Recently I have been searching for a kind of faith. Not particularly a religious kind, although I have looked in churches; run my fingers over the wings of cherubim, paid 50p to light cheap tea candles. But more frequently, I have been looking for a spirituality that lies in food, in friendship, in my own work. I have started to wonder if perhaps spirituality is time, effort put in without hope of return, discipline, care.
I’ve reread The Door by Magda Szabó many times, and on every occasion I come away feeling as though I see things a little differently. That they are both obfuscated and illuminated, like an optician twirling the dials on different lenses. In brief: the narrator is a writer in Hungary who is, after a decade of being blacklisted by the government, finally coming into acclaim. Her husband suffers from a chronic illness, and she decides to hire a housekeeper to help with cleaning and cooking. The woman recommended to her, Emerence, sets her own terms: she interviews her prospective employers, collects character references, dictates her own wage. From the start, Emerence is inscrutable, strange; affectionate one day and cold the next. She can be in turns generous and astonishingly cruel and vicious. Her language is one of traditions and routines, of gestures and sacrifices, both an Old-Testament God punishing his children and a Christ tending to his straying flock.
Emerence rejects organised religion, but her piety is underscored at every turn. ‘It was apparent to me that she had a sister in the Scriptures, the biblical Martha’, the narrator notes. Emerence is an ‘absurd Madonna’, and later we see a vision of her as Christ at the last supper, her supplicants lying at her feet. But she snipes endlessly about Christianity, rejecting church services and the Bible. ‘Emerence was a Christian, but the minister who might convince her of the fact didn’t exist,’ we’re told. ‘She refused to believe in God, but she honoured him with her actions’.
For Emerence, the religion of food, work and compassion surmounts the doctrines and theses of the Church. She possesses what can only be thought of as grace: ‘a pure love of humanity.’ She’s fanatical about her work, carrying out feats that seem impossible for an old woman: shovelling snow from all the doors in the neighbourhood, boiling laundry in a huge cauldron, hauling furniture. She accepts no help in these tasks. ‘There was something superhuman, almost alarming, in her physical strength and capacity for work,’ our narrator notes. ‘Emerence obviously revelled in her work. She loved it.’ An entire language of spirituality arises from the food she provides: honey cakes, crème caramel, thick-gold pastries, a cold platter of rose-pink chicken breasts. Her cooking is inextricably bound to her personal religion of compassion: ‘She served up food to anyone the local grapevine pronounced in need of a good meal.’ The food often seems to be semi-magical – the ‘steaming goblet containing a dark, fuming liquid, smelling of cloves’ that lulls the protagonist into sleep after her husband is taken to the hospital. She does not ask for anything in return. ‘The old woman was interested only in giving, and if anyone tried to surprise her with something she never smiled, she flew into a rage’.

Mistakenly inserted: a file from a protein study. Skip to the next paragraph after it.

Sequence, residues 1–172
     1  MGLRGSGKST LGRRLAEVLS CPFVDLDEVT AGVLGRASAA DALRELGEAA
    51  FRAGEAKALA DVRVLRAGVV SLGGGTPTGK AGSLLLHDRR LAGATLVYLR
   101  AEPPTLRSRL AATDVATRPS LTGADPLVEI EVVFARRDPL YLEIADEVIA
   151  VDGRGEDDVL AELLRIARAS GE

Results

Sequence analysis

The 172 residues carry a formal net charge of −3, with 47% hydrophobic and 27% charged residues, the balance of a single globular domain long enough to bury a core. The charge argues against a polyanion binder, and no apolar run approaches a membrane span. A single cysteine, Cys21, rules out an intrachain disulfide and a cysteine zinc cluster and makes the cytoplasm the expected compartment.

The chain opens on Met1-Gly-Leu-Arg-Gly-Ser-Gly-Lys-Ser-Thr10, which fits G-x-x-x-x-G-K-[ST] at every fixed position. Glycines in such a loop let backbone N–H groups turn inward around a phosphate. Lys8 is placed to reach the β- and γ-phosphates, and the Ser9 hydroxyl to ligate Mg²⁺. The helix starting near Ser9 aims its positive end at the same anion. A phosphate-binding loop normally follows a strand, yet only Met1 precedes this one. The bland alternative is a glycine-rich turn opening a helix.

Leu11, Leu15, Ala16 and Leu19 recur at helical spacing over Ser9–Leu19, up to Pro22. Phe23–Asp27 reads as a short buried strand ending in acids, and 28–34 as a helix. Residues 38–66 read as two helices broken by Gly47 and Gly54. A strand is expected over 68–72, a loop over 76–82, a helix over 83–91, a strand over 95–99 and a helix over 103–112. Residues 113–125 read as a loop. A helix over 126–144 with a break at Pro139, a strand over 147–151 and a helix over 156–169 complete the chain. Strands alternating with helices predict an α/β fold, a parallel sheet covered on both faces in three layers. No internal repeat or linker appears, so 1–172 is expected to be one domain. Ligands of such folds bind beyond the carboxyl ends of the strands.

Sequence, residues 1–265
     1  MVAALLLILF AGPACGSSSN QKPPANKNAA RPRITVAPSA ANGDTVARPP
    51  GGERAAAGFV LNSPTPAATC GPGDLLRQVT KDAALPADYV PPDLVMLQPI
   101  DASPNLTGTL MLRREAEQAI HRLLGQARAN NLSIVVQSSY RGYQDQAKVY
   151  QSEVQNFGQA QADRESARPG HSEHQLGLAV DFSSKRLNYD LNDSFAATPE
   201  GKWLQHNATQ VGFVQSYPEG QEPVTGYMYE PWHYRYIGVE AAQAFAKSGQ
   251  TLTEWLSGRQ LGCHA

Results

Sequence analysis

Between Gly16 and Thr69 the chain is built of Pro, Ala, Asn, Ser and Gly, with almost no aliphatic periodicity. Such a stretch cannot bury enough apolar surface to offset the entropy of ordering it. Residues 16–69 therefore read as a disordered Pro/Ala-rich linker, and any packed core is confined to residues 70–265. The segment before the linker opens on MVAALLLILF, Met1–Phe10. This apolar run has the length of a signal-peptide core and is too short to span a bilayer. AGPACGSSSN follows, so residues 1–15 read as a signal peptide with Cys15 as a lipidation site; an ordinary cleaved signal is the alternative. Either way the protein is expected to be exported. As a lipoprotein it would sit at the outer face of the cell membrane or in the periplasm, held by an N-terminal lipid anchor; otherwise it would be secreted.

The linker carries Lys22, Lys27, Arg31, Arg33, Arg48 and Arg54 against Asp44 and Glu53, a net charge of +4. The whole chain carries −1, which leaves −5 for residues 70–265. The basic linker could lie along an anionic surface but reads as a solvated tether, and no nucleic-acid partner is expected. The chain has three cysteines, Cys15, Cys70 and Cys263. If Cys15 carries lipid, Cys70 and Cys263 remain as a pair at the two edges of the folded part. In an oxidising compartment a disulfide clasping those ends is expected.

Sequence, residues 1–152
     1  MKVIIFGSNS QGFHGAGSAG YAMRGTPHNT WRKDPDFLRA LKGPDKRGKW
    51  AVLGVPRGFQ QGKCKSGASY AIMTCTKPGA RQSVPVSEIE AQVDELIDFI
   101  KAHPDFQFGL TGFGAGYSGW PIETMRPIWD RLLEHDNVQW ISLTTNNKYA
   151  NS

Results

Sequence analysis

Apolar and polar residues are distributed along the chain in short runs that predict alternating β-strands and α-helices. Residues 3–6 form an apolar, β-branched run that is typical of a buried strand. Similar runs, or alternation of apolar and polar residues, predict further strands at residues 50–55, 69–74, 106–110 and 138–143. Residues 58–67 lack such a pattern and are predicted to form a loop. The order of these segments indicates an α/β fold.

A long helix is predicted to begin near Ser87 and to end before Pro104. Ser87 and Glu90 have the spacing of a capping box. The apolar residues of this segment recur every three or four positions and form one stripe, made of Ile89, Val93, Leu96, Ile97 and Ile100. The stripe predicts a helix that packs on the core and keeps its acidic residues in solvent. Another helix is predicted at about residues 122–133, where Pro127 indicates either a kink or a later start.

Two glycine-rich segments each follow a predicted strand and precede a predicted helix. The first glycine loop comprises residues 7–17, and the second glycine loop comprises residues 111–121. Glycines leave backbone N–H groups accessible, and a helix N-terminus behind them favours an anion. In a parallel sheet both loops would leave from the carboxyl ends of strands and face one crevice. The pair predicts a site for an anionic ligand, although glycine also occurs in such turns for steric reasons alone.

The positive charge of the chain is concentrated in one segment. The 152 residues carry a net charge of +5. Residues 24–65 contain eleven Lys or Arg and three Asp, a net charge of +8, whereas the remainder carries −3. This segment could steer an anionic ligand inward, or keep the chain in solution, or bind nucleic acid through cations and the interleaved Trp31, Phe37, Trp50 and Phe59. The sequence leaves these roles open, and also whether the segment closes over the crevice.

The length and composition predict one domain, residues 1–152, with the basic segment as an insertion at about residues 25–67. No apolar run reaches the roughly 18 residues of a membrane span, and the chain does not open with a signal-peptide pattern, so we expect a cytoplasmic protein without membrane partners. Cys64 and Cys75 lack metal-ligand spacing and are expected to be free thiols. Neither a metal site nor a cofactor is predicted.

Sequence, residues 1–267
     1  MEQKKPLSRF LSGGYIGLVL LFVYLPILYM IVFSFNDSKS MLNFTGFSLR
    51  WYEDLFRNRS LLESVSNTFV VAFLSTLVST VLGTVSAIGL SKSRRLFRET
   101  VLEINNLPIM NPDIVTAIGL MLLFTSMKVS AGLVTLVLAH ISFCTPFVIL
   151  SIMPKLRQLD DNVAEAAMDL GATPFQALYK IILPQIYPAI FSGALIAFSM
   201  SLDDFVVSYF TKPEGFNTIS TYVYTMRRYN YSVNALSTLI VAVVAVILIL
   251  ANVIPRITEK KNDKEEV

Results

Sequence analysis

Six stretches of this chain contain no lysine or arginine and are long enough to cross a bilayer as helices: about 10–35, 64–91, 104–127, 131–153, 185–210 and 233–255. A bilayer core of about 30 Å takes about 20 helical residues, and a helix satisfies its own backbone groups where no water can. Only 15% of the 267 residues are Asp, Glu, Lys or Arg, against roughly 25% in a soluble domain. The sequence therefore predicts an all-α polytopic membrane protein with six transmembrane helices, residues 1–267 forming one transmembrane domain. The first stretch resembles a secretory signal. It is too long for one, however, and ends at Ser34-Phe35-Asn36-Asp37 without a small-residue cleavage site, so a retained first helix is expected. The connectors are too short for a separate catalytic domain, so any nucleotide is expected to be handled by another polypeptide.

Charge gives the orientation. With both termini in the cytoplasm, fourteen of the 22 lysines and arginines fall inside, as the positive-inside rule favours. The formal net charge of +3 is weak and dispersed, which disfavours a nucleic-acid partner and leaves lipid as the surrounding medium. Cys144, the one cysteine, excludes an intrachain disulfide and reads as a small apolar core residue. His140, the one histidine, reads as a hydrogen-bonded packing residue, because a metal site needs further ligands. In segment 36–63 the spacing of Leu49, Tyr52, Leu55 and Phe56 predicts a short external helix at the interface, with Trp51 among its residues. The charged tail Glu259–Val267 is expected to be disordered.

I keep coming back to a quote from Emerence on the faith that lies in everything: ‘My god, if I have one, is everywhere – at the bottom of the well, in Viola’s soul, over the bed of Mrs Samuel Böőr because she died so beautifully.’ The Door is a book about faith, but not because it references the apostles, or ruminates on theological texts, or questions the institution of the Church. It provides an alternative lexicon for spirituality: an examination of the faith inherent in food, work, friendship. Szabó offers a veneration of the rituals of the everyday, for how pride in what we do, in how we give to others, can elevate us.
Image © Patrick Casabuena